After the first day of fighting the Confederates had the definite edge, making their superiority in numbers felt all along the line.  The only bright spot for the Yanks was that their artillery did a lot of damage to their counterparts in gray.  This would have a definite effect on the overall outcome.

These are pictures from the very end of the game.  The Union controlled three of the five objectives and contested a fourth, so it was a clear victory for the men in blue.  This was surprising, because the Confederates had such an advantage in numbers.  But they seemed determined to attack straight ahead, with no real regard for where the objectives were.  In the end, they smashed up against strong points that had no real significance at the expense of securing all important objectives.

On the Rebel left, Robertson's elite brigade was bested by incredibly accurate artillery fire from the hill on their right and some amazing dice rolls by the young Union player who opposed them.

The Rebels controlled this objective right up until the end of the game.  Instead of capturing it and then just holding on, the young rebs here were determined to press on their attack against superior numbers.  The net result was 66% casualties.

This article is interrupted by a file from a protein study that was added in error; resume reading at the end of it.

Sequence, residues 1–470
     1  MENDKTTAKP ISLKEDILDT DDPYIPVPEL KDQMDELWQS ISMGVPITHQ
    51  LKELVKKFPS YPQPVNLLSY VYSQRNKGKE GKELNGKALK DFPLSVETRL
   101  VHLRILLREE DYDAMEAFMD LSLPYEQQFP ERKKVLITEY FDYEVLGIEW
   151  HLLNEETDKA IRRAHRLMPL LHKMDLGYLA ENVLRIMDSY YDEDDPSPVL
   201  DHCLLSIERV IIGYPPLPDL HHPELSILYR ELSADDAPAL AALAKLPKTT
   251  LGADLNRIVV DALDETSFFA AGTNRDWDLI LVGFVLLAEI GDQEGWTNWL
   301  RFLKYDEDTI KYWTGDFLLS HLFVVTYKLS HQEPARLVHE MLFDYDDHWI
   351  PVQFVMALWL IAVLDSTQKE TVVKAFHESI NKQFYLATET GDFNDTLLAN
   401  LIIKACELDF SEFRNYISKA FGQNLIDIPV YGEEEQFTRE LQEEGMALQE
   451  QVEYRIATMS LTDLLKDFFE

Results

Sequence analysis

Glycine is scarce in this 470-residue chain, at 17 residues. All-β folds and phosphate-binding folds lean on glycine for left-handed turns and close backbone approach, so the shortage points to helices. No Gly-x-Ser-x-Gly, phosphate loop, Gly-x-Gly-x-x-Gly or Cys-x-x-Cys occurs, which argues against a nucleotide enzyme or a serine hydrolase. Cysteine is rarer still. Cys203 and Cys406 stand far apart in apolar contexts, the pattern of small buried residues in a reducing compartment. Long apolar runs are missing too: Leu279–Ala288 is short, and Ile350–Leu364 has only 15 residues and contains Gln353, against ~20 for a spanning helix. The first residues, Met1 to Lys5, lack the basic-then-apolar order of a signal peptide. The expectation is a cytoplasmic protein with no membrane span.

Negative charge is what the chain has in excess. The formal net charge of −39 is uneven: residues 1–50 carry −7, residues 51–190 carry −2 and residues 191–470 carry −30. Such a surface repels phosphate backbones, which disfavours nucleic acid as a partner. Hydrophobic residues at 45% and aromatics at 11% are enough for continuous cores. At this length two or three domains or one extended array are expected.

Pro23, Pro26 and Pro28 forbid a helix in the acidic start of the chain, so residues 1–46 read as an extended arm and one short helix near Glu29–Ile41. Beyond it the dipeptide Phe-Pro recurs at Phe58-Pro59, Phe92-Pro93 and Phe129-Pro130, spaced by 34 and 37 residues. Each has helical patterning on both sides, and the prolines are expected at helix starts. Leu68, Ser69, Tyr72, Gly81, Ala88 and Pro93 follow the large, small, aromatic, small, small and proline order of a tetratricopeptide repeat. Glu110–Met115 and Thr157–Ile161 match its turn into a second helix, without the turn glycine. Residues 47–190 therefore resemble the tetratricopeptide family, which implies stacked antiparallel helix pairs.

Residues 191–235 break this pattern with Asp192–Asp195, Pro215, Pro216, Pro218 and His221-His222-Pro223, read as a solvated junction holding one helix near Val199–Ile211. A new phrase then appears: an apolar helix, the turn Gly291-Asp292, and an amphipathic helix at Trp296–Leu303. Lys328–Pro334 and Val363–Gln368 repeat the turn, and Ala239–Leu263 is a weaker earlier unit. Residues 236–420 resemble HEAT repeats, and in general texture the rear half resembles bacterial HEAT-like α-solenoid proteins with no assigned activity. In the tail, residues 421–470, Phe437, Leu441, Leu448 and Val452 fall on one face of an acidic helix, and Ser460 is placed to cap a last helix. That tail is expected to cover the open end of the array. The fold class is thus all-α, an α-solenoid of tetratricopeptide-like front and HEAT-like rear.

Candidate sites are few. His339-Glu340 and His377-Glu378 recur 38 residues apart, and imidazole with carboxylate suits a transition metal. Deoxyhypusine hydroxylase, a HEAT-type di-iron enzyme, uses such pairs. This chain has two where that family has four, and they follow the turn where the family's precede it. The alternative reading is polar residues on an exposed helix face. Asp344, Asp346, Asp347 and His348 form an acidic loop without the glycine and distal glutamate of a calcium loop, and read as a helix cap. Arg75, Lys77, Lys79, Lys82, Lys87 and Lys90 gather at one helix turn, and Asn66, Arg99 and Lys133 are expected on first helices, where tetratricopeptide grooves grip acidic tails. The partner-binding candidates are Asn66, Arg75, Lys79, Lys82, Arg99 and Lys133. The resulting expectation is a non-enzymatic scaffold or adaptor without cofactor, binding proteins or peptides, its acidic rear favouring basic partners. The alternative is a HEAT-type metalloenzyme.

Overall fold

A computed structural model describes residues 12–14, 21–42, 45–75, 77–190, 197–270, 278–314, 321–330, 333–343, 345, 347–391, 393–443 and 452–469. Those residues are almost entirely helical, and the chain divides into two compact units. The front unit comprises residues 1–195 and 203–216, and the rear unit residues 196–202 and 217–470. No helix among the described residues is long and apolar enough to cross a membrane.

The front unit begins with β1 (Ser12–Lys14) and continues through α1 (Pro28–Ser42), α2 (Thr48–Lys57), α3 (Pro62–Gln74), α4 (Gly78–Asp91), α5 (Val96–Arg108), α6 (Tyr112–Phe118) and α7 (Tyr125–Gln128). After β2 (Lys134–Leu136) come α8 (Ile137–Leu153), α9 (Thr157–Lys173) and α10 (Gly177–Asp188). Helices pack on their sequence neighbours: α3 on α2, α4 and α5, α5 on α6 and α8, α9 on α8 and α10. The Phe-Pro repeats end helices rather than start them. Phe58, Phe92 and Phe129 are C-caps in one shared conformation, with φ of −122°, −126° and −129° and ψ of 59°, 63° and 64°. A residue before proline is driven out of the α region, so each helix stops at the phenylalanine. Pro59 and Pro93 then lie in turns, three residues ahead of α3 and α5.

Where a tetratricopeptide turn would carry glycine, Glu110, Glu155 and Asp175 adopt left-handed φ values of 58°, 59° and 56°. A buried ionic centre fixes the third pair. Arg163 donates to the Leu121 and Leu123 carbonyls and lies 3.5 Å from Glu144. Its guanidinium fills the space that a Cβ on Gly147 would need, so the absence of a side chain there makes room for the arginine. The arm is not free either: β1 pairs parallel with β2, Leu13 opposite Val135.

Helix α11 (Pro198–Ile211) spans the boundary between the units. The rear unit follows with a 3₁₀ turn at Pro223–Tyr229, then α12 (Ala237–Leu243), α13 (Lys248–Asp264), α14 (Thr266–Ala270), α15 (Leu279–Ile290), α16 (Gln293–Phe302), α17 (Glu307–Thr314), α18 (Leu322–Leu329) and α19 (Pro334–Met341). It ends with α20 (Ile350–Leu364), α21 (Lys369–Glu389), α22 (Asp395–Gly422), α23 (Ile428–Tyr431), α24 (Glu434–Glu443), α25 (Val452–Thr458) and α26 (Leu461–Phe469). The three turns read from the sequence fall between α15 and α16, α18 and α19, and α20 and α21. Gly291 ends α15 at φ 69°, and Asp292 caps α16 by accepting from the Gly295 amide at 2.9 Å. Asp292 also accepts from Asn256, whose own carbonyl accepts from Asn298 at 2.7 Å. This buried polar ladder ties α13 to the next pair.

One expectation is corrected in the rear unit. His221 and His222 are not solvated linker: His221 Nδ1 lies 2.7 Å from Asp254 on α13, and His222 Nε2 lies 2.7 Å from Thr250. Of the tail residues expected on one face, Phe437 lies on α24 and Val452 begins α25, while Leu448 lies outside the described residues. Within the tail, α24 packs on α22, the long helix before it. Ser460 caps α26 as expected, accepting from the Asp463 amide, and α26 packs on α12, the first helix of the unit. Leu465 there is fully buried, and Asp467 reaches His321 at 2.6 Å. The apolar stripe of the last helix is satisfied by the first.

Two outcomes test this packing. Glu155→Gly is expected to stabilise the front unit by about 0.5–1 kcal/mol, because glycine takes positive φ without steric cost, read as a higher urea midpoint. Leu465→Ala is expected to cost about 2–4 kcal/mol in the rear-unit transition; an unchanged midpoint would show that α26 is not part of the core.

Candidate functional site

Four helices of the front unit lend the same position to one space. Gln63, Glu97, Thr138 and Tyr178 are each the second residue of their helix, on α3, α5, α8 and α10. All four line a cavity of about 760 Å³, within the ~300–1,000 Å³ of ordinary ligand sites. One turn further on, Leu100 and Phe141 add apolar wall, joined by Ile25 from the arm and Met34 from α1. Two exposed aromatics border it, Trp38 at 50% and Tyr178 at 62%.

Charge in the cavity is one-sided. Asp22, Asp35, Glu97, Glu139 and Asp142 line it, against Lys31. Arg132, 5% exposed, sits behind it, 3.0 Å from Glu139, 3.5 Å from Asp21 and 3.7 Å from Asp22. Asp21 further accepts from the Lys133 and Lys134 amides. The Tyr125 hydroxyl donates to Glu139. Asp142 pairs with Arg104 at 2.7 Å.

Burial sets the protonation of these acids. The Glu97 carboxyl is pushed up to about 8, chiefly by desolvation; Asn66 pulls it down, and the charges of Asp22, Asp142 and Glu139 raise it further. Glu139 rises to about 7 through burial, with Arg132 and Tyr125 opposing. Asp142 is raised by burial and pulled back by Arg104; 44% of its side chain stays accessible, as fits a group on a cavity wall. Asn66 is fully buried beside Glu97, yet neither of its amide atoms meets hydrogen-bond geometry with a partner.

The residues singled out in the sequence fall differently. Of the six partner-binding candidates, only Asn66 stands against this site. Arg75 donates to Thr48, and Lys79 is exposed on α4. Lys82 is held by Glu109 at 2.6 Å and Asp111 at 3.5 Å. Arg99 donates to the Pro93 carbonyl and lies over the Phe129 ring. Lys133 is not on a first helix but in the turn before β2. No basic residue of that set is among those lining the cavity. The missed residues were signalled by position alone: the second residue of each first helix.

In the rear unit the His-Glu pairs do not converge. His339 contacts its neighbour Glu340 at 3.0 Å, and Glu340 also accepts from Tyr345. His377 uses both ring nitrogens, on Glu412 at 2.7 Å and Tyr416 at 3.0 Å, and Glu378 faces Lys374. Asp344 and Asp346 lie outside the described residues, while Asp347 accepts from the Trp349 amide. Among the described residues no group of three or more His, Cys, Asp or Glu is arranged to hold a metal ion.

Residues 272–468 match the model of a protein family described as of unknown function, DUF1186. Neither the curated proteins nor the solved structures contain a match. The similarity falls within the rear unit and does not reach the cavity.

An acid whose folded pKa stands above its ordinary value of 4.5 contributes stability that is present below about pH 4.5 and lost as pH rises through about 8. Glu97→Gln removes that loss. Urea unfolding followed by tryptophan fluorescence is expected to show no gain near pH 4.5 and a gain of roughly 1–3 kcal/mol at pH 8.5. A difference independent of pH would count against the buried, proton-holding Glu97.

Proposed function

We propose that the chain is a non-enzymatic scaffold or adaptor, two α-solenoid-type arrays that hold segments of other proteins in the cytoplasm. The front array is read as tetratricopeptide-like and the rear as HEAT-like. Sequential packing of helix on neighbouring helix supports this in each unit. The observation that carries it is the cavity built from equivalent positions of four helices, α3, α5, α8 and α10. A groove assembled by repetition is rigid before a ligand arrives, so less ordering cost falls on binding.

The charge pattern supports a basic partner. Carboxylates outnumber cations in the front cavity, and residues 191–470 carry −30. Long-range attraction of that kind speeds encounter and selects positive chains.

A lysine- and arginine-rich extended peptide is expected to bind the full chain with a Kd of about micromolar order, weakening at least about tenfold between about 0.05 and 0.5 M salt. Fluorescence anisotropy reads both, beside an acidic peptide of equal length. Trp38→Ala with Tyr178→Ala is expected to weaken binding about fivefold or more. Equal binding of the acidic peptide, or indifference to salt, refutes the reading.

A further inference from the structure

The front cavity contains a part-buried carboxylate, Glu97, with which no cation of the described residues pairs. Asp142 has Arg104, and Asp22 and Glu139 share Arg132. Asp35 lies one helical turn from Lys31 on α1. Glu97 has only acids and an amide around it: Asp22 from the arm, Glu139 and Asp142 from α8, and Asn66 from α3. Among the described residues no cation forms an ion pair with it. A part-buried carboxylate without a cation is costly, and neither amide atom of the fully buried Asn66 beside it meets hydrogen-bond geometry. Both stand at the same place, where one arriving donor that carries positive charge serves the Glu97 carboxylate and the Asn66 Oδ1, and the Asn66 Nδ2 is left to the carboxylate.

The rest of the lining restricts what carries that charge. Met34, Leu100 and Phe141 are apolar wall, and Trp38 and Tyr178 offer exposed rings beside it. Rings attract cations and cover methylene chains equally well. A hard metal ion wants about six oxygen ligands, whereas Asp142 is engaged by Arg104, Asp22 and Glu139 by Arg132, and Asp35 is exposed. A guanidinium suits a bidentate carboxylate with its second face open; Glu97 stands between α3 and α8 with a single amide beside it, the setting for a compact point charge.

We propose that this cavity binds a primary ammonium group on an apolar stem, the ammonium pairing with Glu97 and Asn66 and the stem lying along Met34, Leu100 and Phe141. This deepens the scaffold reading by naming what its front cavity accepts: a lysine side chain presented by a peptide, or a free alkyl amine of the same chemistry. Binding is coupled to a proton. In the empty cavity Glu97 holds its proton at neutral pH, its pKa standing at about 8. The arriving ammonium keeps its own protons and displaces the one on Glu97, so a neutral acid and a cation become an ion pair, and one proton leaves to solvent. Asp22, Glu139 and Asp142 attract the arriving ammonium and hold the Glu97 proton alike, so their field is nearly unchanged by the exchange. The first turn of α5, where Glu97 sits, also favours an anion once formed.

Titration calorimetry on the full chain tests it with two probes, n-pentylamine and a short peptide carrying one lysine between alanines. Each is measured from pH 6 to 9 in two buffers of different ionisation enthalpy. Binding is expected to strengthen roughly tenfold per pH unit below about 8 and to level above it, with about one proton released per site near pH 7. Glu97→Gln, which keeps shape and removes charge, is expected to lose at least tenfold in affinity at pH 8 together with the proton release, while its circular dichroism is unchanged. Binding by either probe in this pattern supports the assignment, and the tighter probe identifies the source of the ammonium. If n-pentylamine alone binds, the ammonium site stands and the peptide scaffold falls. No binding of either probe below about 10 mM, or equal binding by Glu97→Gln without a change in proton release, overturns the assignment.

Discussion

Much loss of life occurred here, at a strategically meaningless place on the table.

The Confederate center was battered relentlessly by superior Union artillery.

This is the peach orchard.  The Confederates captured this objective early and held it until the end.  However, they weren't able to use it to break through and exploit their success.

The Confederate position on Seminary ridge.

Despite being outnumbered, the battered Union regiments were able to hold their ground.  Some well timed rolls of 10 certainly helped with that.

The extreme Rebel right.  Despite having overwhelming numbers, they weren't able to drive the stubborn Yankees off the table.  One Confederate brigade that could have made a huge difference elsewhere on the table, never fired a shot.

Benning's Georgians trying to vanquish Vincent's brigade.  They were unsuccessful.

Here is a link to a video that will give you an idea of just how much the kids were enjoying this experience.

Monday, July 18, 2016

The Second Day at Gettysburg

Today was the first day of our wargame based on the second day at Gettysburg.  14 players, seven on each side, would be commanding literally hundreds of figures in our simulation.  I also had the good fortune of having three older students helping out which makes things so much better!  We are using Regimental Fire and Fury rules.  Things are fairly historically accurate in the center and Union right, but we had to take some liberties on the Union left due to the size of the table.